It was, as always, all about Donald J. Trump.
On a mission to comfort victims of a mass shooting in El Paso, Texas, our president apparently couldn’t restrain himself from talking about the last time he was in town.
“That was some, that was some crowd,” he can be heard saying in a cell phone video. “And we had twice the number outside.”
The crowd at his rally was much bigger, he said, than the one at a competing event staged by the hometown boy, Democratic presidential hopeful Beto O’Rourke.
“Beto had like 400 people in a parking lot,” the president said. “They said his crowd was wonderful.”
The president raised the topic again in a meeting with law enforcement.
“You know, I just left, we made a speech here about three months ago, and we could’ve sold it out four times,” he said.
People were suffering, and the president was focused on his own star power.
That, of course, was not what his staff had in mind in announcing these visits.
White House press secretary Stephanie Grisham had suggested in a tweet that the president was a true leader who would rise above politics. She said he would focus on honoring victims, comforting communities and thanking first responders and medical professionals for their heroic efforts.
She should have known better.
As he left one grieving city on his way to another, the president was focused not on the victims of two mass shootings but on the perceived slight he had received from two Democratic politicians, U.S. Sen. Sherrod Brown and Dayton Mayor Nan Whaley. The president fired off a tweet accusing the two of lying.
“Just left Dayton, Ohio, …” he wrote. “It was a warm & wonderful visit. Tremendous enthusiasm & even love. Then I saw failed Presidential Candidate (0%) Sherrod Brown & Mayor Whaley totally misrepresenting what took place inside of the hospital. Their news conference after I left for El Paso was a fraud.”
The president’s staff quickly switched gears. Dan Scavino Jr., the director of social media, joined in the president’s assault on Brown and Whaley.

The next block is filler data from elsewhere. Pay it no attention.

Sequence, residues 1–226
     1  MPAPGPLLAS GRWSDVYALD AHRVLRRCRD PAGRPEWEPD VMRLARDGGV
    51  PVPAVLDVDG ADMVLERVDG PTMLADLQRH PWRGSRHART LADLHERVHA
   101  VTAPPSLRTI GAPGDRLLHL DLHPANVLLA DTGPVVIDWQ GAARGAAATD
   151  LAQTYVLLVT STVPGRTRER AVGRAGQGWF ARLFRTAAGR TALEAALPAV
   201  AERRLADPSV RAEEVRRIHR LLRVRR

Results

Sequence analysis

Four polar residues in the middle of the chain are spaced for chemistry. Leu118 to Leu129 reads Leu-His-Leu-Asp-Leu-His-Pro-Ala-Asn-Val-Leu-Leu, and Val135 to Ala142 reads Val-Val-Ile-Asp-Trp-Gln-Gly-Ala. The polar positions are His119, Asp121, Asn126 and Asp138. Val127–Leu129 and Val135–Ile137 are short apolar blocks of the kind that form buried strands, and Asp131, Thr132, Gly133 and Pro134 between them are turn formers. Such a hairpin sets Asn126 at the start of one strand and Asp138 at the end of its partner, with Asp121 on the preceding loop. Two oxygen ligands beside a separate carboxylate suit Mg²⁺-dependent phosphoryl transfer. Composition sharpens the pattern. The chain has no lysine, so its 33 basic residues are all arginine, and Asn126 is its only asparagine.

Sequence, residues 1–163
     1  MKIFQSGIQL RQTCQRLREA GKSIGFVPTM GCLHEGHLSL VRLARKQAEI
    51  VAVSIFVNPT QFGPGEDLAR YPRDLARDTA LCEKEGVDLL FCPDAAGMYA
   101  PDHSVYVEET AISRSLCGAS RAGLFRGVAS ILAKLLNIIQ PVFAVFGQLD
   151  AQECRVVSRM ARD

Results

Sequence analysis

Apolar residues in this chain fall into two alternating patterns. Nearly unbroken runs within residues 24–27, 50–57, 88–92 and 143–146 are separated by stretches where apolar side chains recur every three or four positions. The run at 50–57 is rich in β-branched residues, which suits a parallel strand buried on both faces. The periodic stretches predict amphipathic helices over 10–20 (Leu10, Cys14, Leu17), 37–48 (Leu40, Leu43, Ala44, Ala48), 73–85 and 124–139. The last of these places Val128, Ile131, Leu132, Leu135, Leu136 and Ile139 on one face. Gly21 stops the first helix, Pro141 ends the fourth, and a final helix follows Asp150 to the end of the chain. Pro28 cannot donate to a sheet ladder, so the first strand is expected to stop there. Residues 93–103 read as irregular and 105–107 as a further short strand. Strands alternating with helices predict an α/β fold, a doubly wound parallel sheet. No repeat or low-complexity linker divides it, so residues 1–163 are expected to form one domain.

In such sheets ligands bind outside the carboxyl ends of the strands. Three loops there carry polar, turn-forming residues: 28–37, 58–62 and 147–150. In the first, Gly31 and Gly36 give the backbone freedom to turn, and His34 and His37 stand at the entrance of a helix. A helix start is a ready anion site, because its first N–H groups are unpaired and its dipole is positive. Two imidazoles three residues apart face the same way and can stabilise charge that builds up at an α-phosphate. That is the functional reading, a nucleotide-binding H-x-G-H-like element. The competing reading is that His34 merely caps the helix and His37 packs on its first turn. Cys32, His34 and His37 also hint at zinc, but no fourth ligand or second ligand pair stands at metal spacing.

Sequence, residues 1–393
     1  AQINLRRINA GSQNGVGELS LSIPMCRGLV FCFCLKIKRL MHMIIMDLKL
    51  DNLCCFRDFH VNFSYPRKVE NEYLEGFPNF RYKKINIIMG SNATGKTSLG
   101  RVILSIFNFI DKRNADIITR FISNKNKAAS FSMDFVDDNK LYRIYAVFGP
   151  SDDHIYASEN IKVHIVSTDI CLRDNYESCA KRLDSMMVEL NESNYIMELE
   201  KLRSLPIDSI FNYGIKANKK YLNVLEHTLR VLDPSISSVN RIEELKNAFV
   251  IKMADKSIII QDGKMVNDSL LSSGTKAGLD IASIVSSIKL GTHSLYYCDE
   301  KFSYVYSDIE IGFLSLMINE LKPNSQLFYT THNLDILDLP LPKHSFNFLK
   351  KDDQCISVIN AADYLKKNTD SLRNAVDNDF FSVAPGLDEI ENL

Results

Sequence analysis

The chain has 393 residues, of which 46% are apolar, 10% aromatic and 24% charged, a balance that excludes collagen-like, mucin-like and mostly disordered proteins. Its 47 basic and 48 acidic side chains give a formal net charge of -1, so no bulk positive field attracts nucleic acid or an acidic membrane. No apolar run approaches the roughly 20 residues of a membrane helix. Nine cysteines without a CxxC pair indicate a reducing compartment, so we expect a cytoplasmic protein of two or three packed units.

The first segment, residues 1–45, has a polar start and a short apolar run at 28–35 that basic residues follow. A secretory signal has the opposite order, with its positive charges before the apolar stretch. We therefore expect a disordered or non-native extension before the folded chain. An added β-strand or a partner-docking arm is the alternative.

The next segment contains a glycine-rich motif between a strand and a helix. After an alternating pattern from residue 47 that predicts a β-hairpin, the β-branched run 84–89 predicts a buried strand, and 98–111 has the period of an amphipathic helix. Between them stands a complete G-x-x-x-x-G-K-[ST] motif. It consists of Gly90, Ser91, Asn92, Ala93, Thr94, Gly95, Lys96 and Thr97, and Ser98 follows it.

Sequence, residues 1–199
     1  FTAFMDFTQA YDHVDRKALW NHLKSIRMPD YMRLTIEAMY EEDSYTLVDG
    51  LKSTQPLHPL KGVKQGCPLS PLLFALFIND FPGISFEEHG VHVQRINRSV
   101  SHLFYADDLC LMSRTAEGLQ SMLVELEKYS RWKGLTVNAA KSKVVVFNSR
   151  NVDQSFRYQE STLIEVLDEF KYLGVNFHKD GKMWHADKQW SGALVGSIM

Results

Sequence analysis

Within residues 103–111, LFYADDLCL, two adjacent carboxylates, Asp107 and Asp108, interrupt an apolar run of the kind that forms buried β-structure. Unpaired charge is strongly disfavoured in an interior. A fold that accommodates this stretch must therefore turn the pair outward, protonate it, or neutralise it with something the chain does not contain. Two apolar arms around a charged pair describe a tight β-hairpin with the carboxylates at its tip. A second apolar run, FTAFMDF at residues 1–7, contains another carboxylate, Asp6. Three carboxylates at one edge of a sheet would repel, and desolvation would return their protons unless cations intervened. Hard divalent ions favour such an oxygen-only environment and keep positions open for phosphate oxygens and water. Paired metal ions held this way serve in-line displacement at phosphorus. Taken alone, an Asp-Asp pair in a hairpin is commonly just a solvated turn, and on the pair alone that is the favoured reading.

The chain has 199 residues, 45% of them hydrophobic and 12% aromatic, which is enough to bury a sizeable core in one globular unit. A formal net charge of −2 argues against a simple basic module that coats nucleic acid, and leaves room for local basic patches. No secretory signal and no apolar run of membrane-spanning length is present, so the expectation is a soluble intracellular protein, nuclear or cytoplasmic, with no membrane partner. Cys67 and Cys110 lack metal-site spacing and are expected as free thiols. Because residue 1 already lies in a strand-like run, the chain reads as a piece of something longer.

“They are disgraceful politicians, doing nothing but politicizing a mass shooting, at every turn they can,” he tweeted. “The president was treated like a rock star.”
Grisham joined in.
“The victims, families, medical staff and first responders were so happy to have their president and first lady there,” she told CNN. “I just don’t know why it can’t be acknowledged. It’s disgusting.”
Never mind that it wasn’t true.
“I’m really confused,” Whaley told the Cincinnati Enquirer on learning of the president’s complaint. “We said he was treated really well, so I don’t know what you could talk about misrepresenting. Well, he lives in his world of Twitter.”
None of that is to suggest Brown and Whaley are actually fans.
“I’ve said before Donald Trump is a bully and bullies are cowards,” Brown told CNN’s Daniel Dale in an email responding to the president’s criticism. “I don’t care what he says about me. But the people of Dayton deserve a President more focused on protecting them from gun violence than protecting his own ego.”
Some have suggested the president was unhappy with his own staff for keeping the cameras at bay. During his visit to El Paso, he spoke of the love and respect he had felt at that Dayton hospital.
“I wish you could have been in there to see it,” he said. “I wish you could have been in there.”
With any luck, someone captured it all on video. I’m sure he didn’t say anything about crowd sizes.
Kelly Hawes is a columnist for CNHI News Indiana. He can be reached at firstname.lastname@example.org.